As another possibility, the above approaches could be combined—i.e. the local processing module 11 of the sensor unit 6 may be configured to detect a person on condition of detecting the appearance of a human body or body part, and on condition that the body or body part is detected to move over a series of two or more of the captured images. In this case the graphical element 90 (or each of the graphical elements) in the emitted frames 88 comprises a moving representation of a human body or body part.

Whatever form of detection and simulation is used, if no-response or a wrong count of people is given by the vision sensor 3, then the test function 81 running on the display device 80 reports the status of the vision sensor as failed. If on the other hand the correct count of people is given by the vision sensor 3, then the test function 81 reports the status of the vision sensor 3 as successful. This may comprise outputting the determined status to the maintenance person (the user of the display device 80) via a user interface of the display device 80, e.g. on screen or audibly. Alternatively or additionally, the testing function 81 may report the status to another device other than the display device 80, e.g. to the central processing apparatus 20, where it can be viewed by the maintenance technician or other user, or even be acted upon automatically. E.g. the central processing apparatus 20 may be configured to automatically take the offending sensor unit 3 out of service, and/or to automatically remove its recent statistics from an electronic results document compiling the results from multiple sensors 3, or flag those statistics as being suspect.

Note: in embodiments, the predetermined number may be dynamically variable. That is, it only need be predetermined for a given test, but over time from test-to-test it varies. I.e. when the test sequence 88 is emitted on a first occasion (e.g. a first calendar date) it simulates a first predetermined number; but when the test sequence 88 is emitted on another, second occasion (e.g. another calendar date) as part of a separate instance of the test, then it simulates a second predetermined number that is different from the first predetermined number. This may be desired to avoid missing coincidental or selective errors. The variation from test-to-test may be predetermined or random.

In further embodiments, an escape code in the form of an additional on-screen tag may be included in one, some or all of the frames 88 of the image sequence emitted by this display device display. E.g. the display device might blink its display with a given frequency, or include a particular recognizable icon somewhere in one or more of the emitted frames 88 (e.g. in the corner). This tag may be used to indicate to the vision sensor unit 3 that the current events to whish the sensor 3 is being subjected are a “test in progress”. The local processing module 11 on the sensor unit 3 is configured to detect this tag and take appropriate action. Particularly, the local processing module 11 may be configured so as, in response to detecting the tag, to switch to a special test mode (i.e. a diagnostic mode).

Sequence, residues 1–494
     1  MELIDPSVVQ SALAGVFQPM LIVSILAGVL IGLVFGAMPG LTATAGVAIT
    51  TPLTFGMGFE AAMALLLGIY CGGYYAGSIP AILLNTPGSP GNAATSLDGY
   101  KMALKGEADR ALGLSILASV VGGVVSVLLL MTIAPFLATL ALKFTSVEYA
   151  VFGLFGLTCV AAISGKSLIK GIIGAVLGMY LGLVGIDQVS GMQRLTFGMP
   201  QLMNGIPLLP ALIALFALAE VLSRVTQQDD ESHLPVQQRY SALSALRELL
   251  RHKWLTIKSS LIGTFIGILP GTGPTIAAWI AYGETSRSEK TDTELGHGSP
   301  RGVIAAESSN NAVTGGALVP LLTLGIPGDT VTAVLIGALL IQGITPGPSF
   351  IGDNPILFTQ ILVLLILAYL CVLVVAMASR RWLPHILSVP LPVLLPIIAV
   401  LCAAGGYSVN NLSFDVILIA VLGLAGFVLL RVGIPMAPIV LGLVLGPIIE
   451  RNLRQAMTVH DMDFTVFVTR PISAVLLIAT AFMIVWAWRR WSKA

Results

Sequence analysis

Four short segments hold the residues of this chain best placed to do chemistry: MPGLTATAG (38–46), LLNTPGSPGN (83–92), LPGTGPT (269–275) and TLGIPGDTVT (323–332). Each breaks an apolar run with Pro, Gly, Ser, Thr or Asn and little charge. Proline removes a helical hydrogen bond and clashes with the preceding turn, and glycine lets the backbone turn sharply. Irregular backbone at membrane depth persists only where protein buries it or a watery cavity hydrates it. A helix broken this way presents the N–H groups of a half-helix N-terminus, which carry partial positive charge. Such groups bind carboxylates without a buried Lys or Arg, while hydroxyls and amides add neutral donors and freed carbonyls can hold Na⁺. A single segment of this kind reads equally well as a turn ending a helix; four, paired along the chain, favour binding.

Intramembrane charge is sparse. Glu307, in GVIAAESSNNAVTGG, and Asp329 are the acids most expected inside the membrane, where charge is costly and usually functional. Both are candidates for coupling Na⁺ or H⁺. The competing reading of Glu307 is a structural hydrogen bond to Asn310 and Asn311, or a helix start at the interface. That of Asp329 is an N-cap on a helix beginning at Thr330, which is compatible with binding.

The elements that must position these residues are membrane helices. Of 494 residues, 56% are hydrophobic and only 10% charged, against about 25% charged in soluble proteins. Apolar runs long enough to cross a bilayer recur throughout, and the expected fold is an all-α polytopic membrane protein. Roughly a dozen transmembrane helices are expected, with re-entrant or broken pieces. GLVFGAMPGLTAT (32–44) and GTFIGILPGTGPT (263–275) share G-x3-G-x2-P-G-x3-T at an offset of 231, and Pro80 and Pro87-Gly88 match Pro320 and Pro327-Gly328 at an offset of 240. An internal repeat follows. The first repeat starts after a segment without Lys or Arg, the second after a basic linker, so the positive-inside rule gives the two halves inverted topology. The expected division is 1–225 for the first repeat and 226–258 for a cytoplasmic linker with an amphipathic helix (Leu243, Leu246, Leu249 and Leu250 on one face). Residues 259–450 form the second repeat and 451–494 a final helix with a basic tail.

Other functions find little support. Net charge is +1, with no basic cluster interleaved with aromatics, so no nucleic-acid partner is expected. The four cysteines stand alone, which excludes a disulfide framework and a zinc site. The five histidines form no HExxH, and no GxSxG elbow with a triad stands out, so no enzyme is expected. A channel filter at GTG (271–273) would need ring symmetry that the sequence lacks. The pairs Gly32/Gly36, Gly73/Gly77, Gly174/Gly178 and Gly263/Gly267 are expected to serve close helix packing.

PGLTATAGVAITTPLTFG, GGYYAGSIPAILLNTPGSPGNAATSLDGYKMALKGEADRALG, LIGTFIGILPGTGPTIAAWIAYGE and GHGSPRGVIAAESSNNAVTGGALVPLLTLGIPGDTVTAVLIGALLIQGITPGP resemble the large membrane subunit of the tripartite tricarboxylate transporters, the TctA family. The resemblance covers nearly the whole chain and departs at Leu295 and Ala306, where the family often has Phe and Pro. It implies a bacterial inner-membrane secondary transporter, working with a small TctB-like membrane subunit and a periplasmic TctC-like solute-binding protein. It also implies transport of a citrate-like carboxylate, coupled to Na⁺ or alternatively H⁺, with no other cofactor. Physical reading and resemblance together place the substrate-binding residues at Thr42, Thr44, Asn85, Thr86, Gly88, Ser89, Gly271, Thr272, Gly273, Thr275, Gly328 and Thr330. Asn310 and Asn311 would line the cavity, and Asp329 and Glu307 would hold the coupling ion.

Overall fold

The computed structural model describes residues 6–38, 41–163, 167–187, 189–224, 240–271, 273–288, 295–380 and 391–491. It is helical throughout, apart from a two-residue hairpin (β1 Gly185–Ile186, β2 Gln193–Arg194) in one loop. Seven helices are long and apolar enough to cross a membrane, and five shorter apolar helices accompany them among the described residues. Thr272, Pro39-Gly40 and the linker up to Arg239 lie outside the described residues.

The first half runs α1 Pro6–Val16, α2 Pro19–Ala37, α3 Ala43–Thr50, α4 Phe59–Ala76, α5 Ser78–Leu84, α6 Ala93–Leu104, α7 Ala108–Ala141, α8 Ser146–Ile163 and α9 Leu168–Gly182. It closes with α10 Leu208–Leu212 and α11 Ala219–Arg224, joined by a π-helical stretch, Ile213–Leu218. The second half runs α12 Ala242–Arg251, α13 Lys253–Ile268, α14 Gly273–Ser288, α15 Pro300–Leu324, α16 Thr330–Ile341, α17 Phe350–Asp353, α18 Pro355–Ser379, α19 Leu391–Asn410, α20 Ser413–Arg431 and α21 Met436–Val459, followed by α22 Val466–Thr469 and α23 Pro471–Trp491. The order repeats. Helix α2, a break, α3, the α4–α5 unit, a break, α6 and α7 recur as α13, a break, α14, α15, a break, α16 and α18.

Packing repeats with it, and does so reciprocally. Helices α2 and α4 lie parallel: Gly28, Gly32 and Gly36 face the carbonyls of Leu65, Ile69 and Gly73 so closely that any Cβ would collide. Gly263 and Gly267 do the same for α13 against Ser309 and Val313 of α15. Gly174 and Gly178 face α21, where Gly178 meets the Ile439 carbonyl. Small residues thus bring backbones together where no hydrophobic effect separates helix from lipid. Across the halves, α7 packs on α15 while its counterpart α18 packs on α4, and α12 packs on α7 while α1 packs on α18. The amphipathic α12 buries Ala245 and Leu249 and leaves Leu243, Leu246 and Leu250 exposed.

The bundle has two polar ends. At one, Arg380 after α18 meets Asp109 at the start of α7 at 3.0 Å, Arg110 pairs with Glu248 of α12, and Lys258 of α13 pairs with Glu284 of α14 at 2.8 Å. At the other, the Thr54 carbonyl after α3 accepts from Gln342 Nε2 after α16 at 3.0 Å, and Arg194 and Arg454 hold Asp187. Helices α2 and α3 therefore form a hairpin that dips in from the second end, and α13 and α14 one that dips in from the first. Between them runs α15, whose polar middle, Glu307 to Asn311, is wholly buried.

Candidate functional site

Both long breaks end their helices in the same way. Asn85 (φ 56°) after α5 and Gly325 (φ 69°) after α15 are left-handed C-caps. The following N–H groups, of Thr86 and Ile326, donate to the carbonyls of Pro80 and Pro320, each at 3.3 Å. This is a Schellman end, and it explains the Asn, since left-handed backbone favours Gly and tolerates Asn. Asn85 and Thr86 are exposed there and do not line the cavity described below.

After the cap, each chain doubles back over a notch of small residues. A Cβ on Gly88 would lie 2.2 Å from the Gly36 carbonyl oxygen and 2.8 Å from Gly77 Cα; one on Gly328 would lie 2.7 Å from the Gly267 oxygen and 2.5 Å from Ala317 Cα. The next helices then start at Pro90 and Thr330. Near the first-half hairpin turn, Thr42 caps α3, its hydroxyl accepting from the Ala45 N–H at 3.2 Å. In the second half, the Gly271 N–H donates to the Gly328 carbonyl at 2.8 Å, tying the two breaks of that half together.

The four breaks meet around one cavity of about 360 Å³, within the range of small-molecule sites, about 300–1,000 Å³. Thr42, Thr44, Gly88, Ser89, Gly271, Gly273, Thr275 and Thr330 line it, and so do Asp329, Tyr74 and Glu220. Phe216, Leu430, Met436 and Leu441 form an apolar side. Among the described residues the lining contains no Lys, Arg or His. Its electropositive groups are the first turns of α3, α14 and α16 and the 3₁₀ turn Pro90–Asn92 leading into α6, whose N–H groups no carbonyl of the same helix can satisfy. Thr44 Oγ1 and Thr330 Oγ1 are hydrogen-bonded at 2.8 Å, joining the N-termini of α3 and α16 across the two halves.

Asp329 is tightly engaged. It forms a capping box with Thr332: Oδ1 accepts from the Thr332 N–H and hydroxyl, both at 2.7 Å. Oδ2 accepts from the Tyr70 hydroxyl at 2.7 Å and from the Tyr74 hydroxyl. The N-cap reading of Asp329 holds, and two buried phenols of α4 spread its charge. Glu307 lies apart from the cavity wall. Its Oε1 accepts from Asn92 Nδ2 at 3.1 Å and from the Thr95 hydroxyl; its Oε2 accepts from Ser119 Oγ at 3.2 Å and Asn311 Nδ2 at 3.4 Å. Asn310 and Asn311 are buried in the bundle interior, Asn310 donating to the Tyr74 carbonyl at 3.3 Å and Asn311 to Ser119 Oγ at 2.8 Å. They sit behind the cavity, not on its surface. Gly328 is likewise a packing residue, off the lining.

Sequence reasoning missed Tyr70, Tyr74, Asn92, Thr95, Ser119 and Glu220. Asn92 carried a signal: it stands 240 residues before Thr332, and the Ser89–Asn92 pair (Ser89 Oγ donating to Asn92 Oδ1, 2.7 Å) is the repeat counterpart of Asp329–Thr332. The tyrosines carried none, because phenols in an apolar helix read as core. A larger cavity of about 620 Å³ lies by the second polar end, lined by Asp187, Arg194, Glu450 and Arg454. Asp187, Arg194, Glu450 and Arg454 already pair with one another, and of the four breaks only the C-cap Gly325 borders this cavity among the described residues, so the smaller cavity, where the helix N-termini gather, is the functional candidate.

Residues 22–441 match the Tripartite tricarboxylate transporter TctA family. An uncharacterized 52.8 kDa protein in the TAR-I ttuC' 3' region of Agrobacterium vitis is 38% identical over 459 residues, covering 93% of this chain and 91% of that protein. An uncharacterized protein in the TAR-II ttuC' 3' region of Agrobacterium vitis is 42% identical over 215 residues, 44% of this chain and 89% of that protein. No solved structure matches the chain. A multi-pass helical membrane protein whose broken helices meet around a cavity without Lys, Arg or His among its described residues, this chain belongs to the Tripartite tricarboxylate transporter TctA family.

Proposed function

In the test mode, the local processing module 11 is configured to take steps to indicate in some way that the people counting result or results originating from the test sequence 88 are distinct from any actual operational results detected in normal operation (that is to say, outside of the test, not due to any artificial test sequence; i.e. actual functioning statistics, resulting from actual observations of the environment 2). This indication may take any of a number of possible forms. For instance, said indication may comprise storing the test result(s) on the image sensor 3 in a different, distinct storage location than the operational results, and/or marking the result(s) with metadata in storage on the sensor 3 to mark them as being test results as opposed to operational results. Alternatively or additionally, this indication may comprise marking the test result(s) with metadata in the presence report(s) 82 sent to the central processing apparatus 20, so that the processing apparatus can distinguish between them. In embodiments, based on this marking in the presence report(s) 82, the central processing apparatus 20 may be configured store the test result(s) as being distinct from the operational result(s), e.g. again by storing in distinct storage locations and/or marking them in storage with metadata that distinguishes between the two types of results. N.B. an equivalent to marking the test results with metadata is to mark the operational results with metatdata.

In a variant of the above, the test mode (causing the test result(s) to be signalled and/or stored in a distinct manner) may be triggered not by a tag in the image sequence 88 emitted by the displayed device, but instead by a special escape sequence (debug sequence) signalled by one or more other light sources arranged to emit light into the environment 2. Particularly, this may be implemented using one or more of the networked luminaires 4. In this case a controller such as the central processing apparatus 20, or the test function 81 running on the display device 80, controls one or more of the networked luminaires 4 to flash in a predetermined temporal or spatio-temporal dimming pattern. The local processing module 11 on the sensor unit 3 is configured to detect this pattern via its respective image sensor 6, and to recognize it as a predetermined escape sequence (i.e. a signal that takes the sensor unit 3 out of its normal mode of operation). In response, the local controller 11 thus controls the sensor unit 3 to switch to the test mode, where the test result(s) resulting from the test sequence 88 are kept distinct from the operational results (e.g. in one or more of the same ways as discussed above in relation to the image tag option).